Keywords: gross investment, gross hiring, frictions, business cycles, present values of hiring and investment, forward-looking behavior, production-based asset pricing, complementarities, labor market conditions
    JEL: E24 J23 J63 J64
    Date: 2012–06
  38. By: Andreas Groth (Geosciences Department, Ecole Normale Supérieure, Paris, France, Environmental Research & Teaching Institute, Ecole Normale Supérieure); Michael Ghil (Geosciences Department, Ecole Normale Supérieure, Paris, France, Environmental Research & Teaching Institute, Ecole Normale Supérieure, Paris, France Department of Atmospheric & Oceanic Sciences and Institute of Geophysics & Planetary Physics, University of California); Stéphane Hallegatte (Centre International de Recherche sur l'Environnement et le Développement, Nogent-sur-Marne, France, Ecole Nationale de la Météorologie, Météo France); Patrice Dumas (Centre International de Recherche sur l'Environnement et le Développement, Nogent-sur-Marne)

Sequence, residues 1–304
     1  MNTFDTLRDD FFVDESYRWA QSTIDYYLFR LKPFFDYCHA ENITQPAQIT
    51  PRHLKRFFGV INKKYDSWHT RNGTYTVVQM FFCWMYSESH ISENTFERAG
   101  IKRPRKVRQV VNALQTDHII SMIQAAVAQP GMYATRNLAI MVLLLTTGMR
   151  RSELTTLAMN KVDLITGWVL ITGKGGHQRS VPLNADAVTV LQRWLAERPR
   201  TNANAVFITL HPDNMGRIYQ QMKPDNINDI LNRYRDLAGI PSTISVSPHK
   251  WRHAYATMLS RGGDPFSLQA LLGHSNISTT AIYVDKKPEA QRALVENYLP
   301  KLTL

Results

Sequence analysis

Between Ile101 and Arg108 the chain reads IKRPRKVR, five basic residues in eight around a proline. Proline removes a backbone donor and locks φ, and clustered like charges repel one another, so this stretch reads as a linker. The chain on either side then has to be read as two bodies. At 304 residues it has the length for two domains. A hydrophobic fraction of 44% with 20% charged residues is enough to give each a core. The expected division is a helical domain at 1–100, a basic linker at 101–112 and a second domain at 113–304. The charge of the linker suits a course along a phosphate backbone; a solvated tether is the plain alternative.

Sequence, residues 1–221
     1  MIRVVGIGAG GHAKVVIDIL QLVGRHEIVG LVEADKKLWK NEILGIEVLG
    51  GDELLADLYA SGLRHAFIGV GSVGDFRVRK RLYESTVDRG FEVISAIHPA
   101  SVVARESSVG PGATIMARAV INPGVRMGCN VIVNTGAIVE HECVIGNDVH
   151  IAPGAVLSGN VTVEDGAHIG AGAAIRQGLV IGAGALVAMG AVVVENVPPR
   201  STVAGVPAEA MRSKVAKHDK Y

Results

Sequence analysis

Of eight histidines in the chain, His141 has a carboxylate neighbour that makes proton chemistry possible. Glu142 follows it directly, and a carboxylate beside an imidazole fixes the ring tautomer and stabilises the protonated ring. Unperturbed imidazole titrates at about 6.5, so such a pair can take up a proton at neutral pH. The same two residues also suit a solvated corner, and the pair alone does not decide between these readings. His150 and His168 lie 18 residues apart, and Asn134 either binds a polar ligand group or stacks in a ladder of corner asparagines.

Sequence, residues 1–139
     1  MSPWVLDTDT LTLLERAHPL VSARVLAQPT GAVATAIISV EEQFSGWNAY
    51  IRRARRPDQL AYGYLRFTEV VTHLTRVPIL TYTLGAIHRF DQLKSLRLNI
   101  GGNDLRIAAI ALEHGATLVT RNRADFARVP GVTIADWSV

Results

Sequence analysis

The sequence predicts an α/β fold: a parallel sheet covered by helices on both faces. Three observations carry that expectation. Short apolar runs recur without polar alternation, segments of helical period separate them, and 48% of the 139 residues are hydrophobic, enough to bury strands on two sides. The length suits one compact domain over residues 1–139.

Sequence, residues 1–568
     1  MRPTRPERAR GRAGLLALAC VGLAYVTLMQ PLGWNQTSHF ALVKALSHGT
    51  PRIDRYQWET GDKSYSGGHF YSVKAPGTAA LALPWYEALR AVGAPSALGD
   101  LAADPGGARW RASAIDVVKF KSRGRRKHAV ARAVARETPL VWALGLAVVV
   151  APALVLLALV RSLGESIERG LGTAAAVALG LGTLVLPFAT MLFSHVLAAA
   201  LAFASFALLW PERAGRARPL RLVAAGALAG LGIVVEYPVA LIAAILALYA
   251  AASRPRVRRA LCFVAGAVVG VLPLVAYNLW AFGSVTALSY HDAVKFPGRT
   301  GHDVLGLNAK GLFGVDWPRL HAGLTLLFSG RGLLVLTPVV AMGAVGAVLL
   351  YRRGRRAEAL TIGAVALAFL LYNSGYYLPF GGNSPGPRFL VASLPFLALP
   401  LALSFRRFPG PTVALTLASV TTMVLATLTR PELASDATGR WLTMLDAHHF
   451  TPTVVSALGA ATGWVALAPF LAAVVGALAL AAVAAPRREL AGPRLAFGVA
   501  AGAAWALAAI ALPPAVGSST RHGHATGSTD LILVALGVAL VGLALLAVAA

Abstract: We apply the advanced time-and-frequency-domain method of singular spectrum analysis to study business cycle dynamics in a set of nine U.S. macroeconomic indicators. This method provides a robust way to identify and reconstruct shared oscillations, whether intermittent or modulated. We address the problem of spurious cycles generated by the use of detrending filters and present a Monte Carlo test to extract significant oscillations. Finally, we demonstrate that the behavior of the U.S. economy changes significantly between episodes of growth and recession; these variations cannot be generated by random shocks alone, in the absence of endogenous variability.